Obviously, one shouldn’t ever walk up to a stranger or even a new Black friend and offer to share a hot new restaurant with them just because it’s “Black.” (Otherwise you risk coming off like Kim or the gentleman with the collard greens.) Over the last 15 years, Lilah has proved over and over again that her enthusiastic interest in everything that makes me me, including my Blackness, comes from a place of friendship and not “festishship.”

During these times of political conflict in our highly segregated society, true interracial friendships are rare.

And interracial romantic relationships might be even rarer. I’m not talking about someone dating outside of their race; there’s plenty of that. I’m talking about a true romantic partnership, where, for instance, a white man steps out of his comfort zone to embrace his Black partner’s family, food, sports, music and entertainment.

Yes, I’m talking about my boyfriend.

Scott and I met nearly 16 years ago. At the time, he lived in Utah and he was the whitest man to whom I’d ever been attracted. Because of that, I thought it would never work between us. But, as time went on, I became besotted with him, which was both thrilling and terrifying. Because I agreed with Tina Turner when she said, “What’s love got to do with it?” — I had no faith that love could bridge our cultural divide, even a love as great as ours.

The author with her boyfriend, Scott.
The author with her boyfriend, Scott.

Photo Courtesy Of Laura Cathcart Robbins

Scottie comes from a quiet, three-person home, just him and his parents, who have now both passed. My family is loud. And when the 10, sometimes 15, of us get together (every week), there are spirited, sometimes raucous debates about everything from WWE to the race for the White House. At first, Scott would just kind of drift away during the chaos and watch TV in another room. Later he stayed in his seat during these verbal rows and listened to each person’s (emphatic) point. He told me recently that the most important lesson he’s learned from being around my family is listening, really listening.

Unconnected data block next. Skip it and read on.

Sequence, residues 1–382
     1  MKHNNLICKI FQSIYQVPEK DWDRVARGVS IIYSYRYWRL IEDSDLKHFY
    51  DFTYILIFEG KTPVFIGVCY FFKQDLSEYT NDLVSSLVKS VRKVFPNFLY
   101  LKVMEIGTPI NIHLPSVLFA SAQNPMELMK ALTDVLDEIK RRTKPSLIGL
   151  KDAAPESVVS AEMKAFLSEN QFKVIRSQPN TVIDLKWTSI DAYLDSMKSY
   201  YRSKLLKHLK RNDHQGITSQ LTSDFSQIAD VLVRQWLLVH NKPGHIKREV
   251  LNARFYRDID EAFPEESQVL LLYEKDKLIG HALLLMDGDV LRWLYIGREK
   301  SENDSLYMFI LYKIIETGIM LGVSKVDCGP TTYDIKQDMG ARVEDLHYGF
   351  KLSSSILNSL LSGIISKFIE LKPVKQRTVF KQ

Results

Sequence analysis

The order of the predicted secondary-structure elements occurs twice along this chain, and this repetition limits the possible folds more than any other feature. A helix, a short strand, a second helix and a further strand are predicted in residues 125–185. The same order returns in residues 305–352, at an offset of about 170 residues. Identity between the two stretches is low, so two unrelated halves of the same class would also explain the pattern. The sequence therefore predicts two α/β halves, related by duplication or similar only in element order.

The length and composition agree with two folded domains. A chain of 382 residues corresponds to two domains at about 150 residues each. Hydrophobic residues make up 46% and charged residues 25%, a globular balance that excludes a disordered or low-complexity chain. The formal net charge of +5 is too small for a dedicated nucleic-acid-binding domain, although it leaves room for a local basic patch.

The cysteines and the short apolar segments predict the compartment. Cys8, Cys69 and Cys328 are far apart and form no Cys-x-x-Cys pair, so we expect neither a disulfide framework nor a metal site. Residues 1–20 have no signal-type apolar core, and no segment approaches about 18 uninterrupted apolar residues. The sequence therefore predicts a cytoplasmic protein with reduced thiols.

But over the years, he started participating in the debates and voicing his opinion. It’s hard to get a word in edgewise in my family, but somehow he manages. When it comes to seeing Black theater or movies, he’s gone from “going along” to surprising me with tickets to shows like “Slave Play” and “Raisin in the Sun.” It’s not that he’s changed who he is. But instead of asking me to change who I am by giving up my Blackness, he loves me all the more for it.

The Kim of it all aside, I think that I am better because of my interracial relationships. Lilah and I are not only besties, but we are also allies and advocates for each other’s cultures. And I think that my relationship with Scott challenges the status quo and demonstrates that race need not be a barrier to love if both parties are willing to work.

When I’m out in the world, everywhere I look I see people gravitating toward the familiar. But the payoff for intentionally widening your friend circle can be immense. I’d love to see our society normalize transracial friendships that allow each person to live authentically. My relationships with my non-Black friends, while sometimes hard-earned, have been some of the richest of my life. There is so much to be gained by knowing and loving someone different from you.

Laura Cathcart Robbins is the bestselling author of the Atria/Simon & Schuster memoir “Stash, My Life in Hiding” and host of the popular podcast “The Only One in the Room.” She has written recent articles on the subjects of race, recovery and divorce. Find out more on her website,, or you can look for her on social media.